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July 2012

Mastering marlinespike

Bowline on a bight

An ancient bowline variation still used in water rescue work, the bowline on a bight easily forms large loops in any part of the rope without regard to the rope ends. This is especially important when dealing with an exceptionally long or heavy rope. Because the loops can slide, tension must be applied nearly equally to both resulting loops.

Bowline on a bight

A. Grasp the legs of a bight and form an overhand loop with its tip to the right.

B. Take the bight tip and go through the overhand loop from behind.

Bowline on a bight

C. Take the bight tip down over the entire knot and up into its final position.

D. Draw up the bowline by pulling the two legs of the bight tight on the working part.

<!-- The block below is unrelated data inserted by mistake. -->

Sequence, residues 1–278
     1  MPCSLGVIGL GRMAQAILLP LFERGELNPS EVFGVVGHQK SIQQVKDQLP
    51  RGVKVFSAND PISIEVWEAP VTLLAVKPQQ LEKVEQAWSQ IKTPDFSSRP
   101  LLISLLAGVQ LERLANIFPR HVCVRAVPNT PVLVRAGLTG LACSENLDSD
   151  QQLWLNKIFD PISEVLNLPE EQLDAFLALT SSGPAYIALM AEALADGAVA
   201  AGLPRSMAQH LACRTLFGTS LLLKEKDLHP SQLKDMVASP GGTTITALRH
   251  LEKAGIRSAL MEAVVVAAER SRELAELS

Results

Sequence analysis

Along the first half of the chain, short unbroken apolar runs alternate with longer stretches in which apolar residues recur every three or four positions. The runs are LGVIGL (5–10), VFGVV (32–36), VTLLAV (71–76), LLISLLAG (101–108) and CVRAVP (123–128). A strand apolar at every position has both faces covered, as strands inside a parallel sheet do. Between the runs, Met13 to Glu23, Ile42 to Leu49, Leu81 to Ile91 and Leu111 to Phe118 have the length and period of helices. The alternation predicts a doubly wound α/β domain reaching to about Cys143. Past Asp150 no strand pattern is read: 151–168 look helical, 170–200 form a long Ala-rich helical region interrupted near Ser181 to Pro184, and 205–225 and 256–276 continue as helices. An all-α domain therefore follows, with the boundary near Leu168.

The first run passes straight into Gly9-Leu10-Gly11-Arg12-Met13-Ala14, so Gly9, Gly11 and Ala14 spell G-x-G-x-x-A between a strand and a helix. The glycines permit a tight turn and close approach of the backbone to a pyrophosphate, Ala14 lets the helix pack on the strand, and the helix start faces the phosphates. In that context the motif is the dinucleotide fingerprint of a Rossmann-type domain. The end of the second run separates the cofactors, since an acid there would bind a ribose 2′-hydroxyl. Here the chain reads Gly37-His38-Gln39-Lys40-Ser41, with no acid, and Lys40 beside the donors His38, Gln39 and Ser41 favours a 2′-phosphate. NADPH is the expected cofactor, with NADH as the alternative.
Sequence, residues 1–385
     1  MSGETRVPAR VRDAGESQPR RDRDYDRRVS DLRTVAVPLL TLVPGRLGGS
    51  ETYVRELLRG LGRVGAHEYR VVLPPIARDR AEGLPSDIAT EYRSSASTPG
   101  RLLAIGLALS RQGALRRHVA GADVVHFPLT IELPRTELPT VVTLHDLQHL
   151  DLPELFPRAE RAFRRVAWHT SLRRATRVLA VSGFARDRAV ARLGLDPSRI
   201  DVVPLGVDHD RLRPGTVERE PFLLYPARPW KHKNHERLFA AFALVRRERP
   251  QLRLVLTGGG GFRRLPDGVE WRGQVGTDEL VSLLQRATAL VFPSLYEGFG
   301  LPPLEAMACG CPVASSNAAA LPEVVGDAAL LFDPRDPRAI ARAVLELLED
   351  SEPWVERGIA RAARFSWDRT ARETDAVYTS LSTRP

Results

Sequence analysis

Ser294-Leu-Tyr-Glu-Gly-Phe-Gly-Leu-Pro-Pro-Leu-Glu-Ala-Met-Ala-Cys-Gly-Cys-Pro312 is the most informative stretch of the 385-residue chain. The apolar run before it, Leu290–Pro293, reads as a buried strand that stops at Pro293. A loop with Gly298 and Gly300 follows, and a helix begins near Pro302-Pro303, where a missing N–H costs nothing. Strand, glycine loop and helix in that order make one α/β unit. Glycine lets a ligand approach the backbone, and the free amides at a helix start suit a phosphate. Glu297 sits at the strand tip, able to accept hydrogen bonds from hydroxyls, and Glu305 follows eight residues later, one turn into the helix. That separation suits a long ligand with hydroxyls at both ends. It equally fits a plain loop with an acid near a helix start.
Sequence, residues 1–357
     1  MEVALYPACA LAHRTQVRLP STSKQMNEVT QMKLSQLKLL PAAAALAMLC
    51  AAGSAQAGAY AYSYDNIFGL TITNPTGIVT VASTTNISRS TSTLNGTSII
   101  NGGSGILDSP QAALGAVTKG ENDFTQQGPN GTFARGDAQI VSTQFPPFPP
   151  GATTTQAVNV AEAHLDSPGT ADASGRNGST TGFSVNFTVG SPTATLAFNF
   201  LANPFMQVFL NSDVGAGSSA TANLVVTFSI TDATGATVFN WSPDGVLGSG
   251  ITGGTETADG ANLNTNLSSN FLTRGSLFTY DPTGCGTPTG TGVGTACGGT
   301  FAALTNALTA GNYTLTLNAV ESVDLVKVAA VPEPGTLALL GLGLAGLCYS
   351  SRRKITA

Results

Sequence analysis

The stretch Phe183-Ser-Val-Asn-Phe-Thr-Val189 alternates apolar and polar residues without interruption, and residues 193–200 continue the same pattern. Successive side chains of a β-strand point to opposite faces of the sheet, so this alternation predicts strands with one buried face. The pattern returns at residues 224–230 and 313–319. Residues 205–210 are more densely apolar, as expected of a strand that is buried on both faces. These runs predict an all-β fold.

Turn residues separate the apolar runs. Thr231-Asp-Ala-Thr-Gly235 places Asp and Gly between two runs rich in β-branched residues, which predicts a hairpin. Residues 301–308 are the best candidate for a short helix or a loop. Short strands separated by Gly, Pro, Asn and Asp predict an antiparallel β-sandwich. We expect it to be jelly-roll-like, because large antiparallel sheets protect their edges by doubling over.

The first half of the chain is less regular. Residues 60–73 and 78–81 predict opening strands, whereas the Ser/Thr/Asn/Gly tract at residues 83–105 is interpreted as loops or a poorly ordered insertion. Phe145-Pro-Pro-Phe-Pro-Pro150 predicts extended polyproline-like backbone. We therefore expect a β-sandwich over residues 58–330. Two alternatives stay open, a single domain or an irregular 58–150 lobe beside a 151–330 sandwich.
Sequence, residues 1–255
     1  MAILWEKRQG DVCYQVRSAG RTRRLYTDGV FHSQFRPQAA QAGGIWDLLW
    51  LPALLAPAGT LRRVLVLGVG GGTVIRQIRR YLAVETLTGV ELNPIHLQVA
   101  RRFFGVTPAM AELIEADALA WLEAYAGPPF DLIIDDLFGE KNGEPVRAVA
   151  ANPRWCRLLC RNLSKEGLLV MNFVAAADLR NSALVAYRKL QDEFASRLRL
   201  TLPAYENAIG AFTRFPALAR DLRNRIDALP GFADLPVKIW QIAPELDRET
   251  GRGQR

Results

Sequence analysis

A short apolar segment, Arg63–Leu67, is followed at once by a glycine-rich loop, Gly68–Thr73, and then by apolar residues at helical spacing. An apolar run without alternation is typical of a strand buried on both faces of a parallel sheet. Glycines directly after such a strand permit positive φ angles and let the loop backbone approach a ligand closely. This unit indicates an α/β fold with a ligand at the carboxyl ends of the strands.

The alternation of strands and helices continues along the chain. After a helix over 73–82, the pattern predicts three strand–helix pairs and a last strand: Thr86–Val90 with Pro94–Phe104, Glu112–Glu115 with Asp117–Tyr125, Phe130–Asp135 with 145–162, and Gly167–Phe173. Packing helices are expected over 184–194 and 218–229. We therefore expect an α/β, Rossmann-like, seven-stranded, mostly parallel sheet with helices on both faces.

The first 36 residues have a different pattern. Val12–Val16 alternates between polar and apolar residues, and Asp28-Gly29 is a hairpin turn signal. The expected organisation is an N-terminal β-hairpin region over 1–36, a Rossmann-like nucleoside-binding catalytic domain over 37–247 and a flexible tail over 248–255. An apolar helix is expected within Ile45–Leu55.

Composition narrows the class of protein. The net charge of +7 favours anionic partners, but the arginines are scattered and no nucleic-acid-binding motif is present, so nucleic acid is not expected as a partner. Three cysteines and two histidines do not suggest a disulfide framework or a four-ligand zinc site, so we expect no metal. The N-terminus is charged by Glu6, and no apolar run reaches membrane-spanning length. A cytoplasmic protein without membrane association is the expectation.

E. The final knot

Original materials used with thanks to Irene Rodriguez and John Bennett

  

Stay cool this summer with this Tervis ice bucket with tongs and lid from the Ship's Store.

Mastering Marlinespike

Bowline

Cleat hitch

Round turn with two half hitches

Clove hitch

Sheet bend

Figure eight

Anchor bend

Rolling hitch

Double sheet bend

Eye splice

Becket bend

Reef knot

Blood knot

True lover’s knot

Monkey’s fist

Carrick bend

Angler’s loop

Strangle knot

Jar sling

Japanese success knot

Spanish bowline

Stevedore knot

Heaving line knot

Three-part crown knot

Sack knot

Short splice

Constrictor knot

Slip knot

Japanese bowline

Hawser bend

Slipped bowline

Bowline on a bight

Lark’s head

Buntline hitch

Jury mast knot

Slipped buntline hitch

Painter’s bowline

Binder’s loop

Wall and crown knot

Inside cow hitch

Toggled reef knot

Long splice

Tugboat hitch

Crown sennit

Toggled lark’s head

Matthew Walker knot

Cockscombing

Back splice

 

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